Federal Dual Scenario Salary Paycheck CalculatorSelect a state
Model two different salary paycheck scenarios in the dual scenario salary paycheck calculator. Compare the results of the two scenarios side by side. See payroll calculation FAQs below. Switch to hourly calculator.
Frequently Asked Questions
How do I complete a paycheck calculation?
What is gross pay?
What is the gross pay method?
If my paycheck has a bonus, is it taxed differently?
What is pay frequency?
How is pay frequency used to calculate payroll?
For salaried employees, the number of payrolls in a year is used to determine the gross paycheck amount.
For example, let's look at a salaried employee who is paid $52,000 per year:
- If this employee's pay frequency is weekly the calculation is: $52,000 / 52 payrolls = $1,000 gross pay
- If this employee's pay frequency is semi-monthly the calculation is: $52,000 / 24 payrolls = $2,166.67 gross pay
What is the difference between bi-weekly and semi-monthly?
What are my withholding requirements?
How do I know if I’m exempt from federal taxes?
You are tax-exempt when you do not meet the requirements for paying tax. This usually happens because your income is lower than the tax threshold. For 2022, you need to make less than $12,950 for single filers, $25,900 for joint filers, or $19,400 for heads of household. For 2023 the standard deductions increased to $13,850 for single filers, $27,700 for joint filers, and $20,800 for heads of household.
If you are 65 or older, or if you are blind, different income thresholds may apply. Check the IRS Publication 505 for current laws.
Claiming exempt from federal tax withholding on your W4 when you aren’t eligible isn’t illegal but it can have major consequences. You might receive a large tax bill and possible penalties after you file your tax return.
What’s the difference between single and head of household?
What was updated in the Federal W4 in 2020?
In 2020, the IRS updated the Federal W4 form that eliminated withholding allowances. The redesigned Form W4 makes it easier for your withholding to match your tax liability. Here’s how to answer the new questions:
- Step 2: check the box if you have more than one job or you and your spouse both have jobs. This will increase withholding.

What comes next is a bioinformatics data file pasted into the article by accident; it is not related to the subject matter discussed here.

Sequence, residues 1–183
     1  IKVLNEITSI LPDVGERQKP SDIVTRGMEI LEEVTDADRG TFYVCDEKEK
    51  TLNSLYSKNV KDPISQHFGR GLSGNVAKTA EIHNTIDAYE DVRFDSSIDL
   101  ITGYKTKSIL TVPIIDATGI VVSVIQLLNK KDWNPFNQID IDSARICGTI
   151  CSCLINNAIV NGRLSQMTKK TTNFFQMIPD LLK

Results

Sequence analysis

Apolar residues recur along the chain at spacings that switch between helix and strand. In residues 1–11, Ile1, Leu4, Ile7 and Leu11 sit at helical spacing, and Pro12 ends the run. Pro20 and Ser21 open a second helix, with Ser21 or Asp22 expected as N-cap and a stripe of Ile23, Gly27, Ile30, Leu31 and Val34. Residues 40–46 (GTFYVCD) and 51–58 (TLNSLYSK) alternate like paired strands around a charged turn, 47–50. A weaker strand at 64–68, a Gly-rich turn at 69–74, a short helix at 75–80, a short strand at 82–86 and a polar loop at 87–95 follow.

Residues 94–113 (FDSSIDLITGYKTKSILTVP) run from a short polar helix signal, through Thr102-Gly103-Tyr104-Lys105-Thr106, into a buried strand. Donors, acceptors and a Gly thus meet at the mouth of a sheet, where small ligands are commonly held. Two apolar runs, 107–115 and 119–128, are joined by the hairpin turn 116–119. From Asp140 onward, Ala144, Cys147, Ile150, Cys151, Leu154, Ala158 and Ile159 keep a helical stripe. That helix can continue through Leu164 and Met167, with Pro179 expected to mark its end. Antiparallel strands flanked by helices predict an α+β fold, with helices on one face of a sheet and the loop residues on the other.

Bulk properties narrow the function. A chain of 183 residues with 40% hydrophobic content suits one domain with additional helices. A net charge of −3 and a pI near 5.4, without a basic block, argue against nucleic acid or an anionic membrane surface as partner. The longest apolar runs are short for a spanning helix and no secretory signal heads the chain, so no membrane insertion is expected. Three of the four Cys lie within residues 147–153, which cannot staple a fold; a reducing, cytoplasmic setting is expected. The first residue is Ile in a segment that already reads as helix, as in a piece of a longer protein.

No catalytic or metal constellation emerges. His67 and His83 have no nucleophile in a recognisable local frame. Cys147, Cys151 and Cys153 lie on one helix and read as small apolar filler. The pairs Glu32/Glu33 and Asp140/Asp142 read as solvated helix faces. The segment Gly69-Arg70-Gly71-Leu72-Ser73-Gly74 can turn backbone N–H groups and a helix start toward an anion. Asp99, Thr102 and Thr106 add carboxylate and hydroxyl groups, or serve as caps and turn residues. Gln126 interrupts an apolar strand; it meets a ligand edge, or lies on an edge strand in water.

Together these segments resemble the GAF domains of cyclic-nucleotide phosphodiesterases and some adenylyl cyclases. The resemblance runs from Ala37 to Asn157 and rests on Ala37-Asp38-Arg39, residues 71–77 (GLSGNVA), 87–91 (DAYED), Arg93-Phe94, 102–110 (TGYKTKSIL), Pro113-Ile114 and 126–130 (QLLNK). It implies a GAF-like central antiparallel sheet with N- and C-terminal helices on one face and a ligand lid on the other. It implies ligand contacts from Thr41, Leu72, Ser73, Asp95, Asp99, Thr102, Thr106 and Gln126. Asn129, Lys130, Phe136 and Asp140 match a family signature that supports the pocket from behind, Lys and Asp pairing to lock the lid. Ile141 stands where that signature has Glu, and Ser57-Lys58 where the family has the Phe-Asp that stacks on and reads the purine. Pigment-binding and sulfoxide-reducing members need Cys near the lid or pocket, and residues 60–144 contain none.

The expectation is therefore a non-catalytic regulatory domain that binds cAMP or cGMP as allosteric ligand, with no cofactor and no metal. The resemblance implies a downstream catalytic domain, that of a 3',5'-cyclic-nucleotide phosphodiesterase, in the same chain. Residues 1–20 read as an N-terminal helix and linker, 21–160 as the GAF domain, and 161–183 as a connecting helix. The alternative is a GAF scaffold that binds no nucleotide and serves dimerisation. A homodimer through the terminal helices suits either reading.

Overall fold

- Step 3: enter an amount for dependents.The old W4 used to ask for the number of dependents. The new W4 asks for a dollar amount. Here’s how to calculate it: If your total income will be $200k or less ($400k if married) multiply the number of children under 17 by $2,000 and other dependents by $500. Add up the total.
- Step 4a: extra income from outside of your job, such as dividends or interest, that usually don't have withholding taken out of them. By entering it here you will withhold for this extra income so you don't owe tax later when filing your tax return.
- Step 4b: any additional withholding you want taken out. Any other estimated tax to withhold can be entered here. The more is withheld, the bigger your refund may be and you’ll avoid owing penalties.
If your W4 on file is in the old format (2019 or older), toggle "Use new Form W-4" to change the questions back to the previous form. Employees are currently not required to update it. However if you do need to update it for any reason, you must now use the new Form W-4.
How is Federal Income Tax (FIT) calculated?
The more taxable income you have, the higher tax rate you are subject to. This calculation process can be complex, so PaycheckCity’s free calculators can do it for you!
The federal income tax is a tax on annual earnings for individuals, businesses, and other legal entities. All wages, salaries, cash gifts from employers, business income, tips, gambling income, bonuses, and unemployment benefits are subject to a federal income tax.
For each payroll, federal income tax is calculated based on the answers provided on the W-4 and year to date income, which is then referenced to the tax tables in IRS Publication 15-T. The current tax rates are 0%, 10%, 12%, 22%, 24%, 32%, 35%, or 37%. Again, the percentage chosen is based on the paycheck amount and your W4 answers.
What’s the difference between a deduction and withholding?
In addition to withholding federal and state taxes, part of your gross income might also have to contribute to deductions. These are known as “pre-tax deductions” and include contributions to retirement accounts and some health care costs. For example, when you look at your paycheck you might see an amount deducted for your company’s health insurance plan and for your 401k plan. Pre-tax deductions result in lower take-home, but also means less of your income is subject to tax. Some deductions are “post-tax”, like Roth 401(k), and are deducted after being taxed.
In our calculators, you can add deductions under “Voluntary Deductions” and select if it’s a fixed amount (pre-tax), a percentage of the gross-pay (pre-tax), or a percentage of the net pay (post-tax). For hourly calculators, you can also select a fixed amount per hour (pre-tax).
State Dual Scenario Salary Paycheck Calculators
Select your state from the list below to see its dual scenario salary paycheck calculator.
- New Hampshire
- New Jersey
- New Mexico
- New York
- North Carolina
- North Dakota
- Rhode Island
- South Carolina
- South Dakota
- West Virginia
- Washington DC
- Puerto Rico
- American Samoa
- Northern Mariana Islands
- US Virgin Islands
Self-service payroll for your small business.
- Unlimited employees and payroll runs
- All 50 states and multi-state calculations
- Federal forms W-2, 940 and 941
- An affordable price with your small business in mind